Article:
Robotaxis, hover boards, dog translators
Truth may be stranger than fiction, but it could never compete with science fiction, right? Well, an infographic on the British website wish.co.uk begs to refute that assumption. It identifies 11 sci-fi creations that have actually come to pass in our non-fiction world.
For example, Star Trek fans know the Starfleet Tricorder as one of the crew’s most indispensable tools, used to record and analyze inputs in a range of scenarios, including medical ones. Fantastical, right? Well, General Electric has developed a device it calls the GE VScan that performs a similar function. It is a handheld device that works like an ultrasound, enabling medical professionals to measure and analyze internal organs without invasive surgery.
What do Arnold Schwarzenegger and residents of Masdar City in the United Arab Emirates have in common? Both are familiar with the coolness of traveling in a personal automated robotaxi — the former in the movie Total Recall, the latter as a feature of living in a planned city. The vehicles have been operational since 2010.
The movie Back to the Future featured a hover board, which could zip around in any direction without touching the ground. French scientists have created the Mag Surf, which uses superconductor magnetic levitation to glide a few inches above a magnetic track. The device was developed to promote research in urban transportation.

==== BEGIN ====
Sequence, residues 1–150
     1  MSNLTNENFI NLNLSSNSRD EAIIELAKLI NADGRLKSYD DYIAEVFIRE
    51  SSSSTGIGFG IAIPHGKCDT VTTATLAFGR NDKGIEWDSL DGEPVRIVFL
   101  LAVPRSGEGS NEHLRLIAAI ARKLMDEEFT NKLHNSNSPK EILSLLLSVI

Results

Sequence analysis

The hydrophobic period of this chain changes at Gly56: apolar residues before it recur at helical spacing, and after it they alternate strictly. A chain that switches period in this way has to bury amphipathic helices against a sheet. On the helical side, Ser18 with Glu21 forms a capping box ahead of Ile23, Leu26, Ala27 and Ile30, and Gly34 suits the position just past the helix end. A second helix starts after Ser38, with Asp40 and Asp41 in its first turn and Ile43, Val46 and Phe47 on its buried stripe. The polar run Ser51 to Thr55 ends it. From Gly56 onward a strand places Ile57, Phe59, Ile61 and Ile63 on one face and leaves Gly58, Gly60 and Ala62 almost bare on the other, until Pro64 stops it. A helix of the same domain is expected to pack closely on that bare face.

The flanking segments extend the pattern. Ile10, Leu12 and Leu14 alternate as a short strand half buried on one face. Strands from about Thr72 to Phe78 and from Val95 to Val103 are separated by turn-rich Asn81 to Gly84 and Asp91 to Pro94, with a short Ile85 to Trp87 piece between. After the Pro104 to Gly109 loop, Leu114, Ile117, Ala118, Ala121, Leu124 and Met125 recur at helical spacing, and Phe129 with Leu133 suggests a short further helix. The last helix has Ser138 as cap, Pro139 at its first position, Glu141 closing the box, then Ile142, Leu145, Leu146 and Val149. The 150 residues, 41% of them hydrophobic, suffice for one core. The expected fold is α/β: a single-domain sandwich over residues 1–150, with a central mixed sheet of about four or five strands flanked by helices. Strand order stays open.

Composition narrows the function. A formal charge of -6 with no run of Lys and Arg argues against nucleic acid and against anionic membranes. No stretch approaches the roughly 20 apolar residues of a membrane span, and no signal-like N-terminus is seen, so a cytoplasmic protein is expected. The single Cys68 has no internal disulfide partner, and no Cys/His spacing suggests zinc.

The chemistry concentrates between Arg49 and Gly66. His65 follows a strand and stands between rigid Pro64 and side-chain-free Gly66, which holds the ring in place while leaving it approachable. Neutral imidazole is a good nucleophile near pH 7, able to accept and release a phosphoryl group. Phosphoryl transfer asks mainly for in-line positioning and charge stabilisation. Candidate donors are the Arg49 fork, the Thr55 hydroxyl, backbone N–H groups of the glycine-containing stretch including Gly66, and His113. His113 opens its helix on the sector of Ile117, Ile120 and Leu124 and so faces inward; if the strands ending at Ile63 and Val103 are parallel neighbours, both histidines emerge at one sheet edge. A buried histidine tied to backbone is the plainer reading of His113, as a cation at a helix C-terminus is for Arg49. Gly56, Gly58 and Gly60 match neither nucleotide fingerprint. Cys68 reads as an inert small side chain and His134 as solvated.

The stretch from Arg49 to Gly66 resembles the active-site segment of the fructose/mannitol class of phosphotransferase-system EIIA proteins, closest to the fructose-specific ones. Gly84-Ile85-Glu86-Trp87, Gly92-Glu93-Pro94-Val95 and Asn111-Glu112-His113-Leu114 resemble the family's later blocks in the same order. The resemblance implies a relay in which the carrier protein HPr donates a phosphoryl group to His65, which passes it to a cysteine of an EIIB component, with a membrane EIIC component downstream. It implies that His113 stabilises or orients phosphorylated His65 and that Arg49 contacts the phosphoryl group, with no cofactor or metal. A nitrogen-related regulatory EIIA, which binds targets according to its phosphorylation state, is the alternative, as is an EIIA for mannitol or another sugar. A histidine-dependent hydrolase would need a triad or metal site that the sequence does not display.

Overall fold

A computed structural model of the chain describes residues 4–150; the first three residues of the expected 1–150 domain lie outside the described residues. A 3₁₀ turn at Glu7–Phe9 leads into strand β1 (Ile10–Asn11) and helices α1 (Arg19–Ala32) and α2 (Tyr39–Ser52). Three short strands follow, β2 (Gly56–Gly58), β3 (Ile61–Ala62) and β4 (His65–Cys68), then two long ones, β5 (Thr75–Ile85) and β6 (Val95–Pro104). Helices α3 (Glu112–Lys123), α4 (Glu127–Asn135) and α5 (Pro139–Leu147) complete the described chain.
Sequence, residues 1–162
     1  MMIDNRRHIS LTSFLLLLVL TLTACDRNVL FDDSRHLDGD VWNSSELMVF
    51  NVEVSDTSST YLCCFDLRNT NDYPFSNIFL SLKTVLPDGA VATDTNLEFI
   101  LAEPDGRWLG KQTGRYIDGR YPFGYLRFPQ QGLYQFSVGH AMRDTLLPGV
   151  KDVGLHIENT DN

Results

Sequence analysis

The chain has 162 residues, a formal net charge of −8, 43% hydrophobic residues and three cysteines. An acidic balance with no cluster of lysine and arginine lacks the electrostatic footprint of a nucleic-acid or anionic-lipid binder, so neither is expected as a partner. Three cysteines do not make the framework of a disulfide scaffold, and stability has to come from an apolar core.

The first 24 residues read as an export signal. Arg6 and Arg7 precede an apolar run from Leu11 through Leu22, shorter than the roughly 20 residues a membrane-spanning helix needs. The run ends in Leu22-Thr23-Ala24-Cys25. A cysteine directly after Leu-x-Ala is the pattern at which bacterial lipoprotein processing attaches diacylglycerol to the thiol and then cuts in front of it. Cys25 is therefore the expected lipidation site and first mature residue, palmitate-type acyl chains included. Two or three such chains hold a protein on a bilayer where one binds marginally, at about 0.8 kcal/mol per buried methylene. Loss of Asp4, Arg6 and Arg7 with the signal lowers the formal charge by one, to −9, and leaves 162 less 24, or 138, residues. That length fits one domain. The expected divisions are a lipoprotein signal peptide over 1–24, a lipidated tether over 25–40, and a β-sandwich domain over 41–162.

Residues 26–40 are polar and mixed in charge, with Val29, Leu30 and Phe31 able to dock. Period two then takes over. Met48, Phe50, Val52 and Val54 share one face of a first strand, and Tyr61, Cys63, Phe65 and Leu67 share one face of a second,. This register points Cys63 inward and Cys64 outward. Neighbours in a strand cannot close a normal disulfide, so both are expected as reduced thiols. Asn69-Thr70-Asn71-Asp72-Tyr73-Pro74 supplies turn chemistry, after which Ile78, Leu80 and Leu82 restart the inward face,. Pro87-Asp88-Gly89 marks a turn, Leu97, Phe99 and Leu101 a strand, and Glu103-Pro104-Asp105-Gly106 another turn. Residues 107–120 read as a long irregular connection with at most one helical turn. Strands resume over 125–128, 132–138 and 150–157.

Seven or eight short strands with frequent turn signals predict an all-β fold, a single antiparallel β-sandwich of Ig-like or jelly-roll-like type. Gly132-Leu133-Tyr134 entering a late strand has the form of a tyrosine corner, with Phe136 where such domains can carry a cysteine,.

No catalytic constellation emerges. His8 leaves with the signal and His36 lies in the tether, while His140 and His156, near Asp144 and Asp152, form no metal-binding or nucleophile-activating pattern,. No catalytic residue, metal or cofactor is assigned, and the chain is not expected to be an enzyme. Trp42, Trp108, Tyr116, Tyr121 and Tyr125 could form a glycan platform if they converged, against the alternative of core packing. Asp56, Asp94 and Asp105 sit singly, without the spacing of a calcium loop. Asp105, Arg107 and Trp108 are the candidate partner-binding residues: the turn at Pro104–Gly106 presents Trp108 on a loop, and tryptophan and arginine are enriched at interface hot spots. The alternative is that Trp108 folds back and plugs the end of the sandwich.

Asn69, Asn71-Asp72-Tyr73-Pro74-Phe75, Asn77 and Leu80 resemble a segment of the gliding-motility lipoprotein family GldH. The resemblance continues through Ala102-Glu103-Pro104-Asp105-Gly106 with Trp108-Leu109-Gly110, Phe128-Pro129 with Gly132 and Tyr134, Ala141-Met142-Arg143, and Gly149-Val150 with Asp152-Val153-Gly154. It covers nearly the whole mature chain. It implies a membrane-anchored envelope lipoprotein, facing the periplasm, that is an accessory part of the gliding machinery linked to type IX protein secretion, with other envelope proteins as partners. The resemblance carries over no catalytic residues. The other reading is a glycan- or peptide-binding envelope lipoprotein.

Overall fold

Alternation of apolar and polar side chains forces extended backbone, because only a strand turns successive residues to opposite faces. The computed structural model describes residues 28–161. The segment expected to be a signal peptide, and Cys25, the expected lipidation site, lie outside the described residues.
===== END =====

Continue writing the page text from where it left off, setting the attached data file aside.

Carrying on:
Superhuman powers come standard in many sci-fi and fantasy worlds, but scientists at Raytheon expect to bring some of that enhanced capability to U.S. soldiers within the next year or two. Its XO2 Suit is an exoskeleton that features hi-pressure hydraulics that increase a soldier’s agility, strength, and endurance.
The ability to communicate with aliens is another venerable technology in the canon of science fiction — and one that has its analog in today’s world: Voxtec has created the Phraselator P2 for the military (which seems to get all the cool stuff), which can translate more than 100,000 English phrases into 70 different languages. And if that were not impressive enough, there is the Bowlingual translator, which analyzes the acoustics of your dog’s bark and tells you what it’s saying.
See other strange but true inventions at wish.co.uk.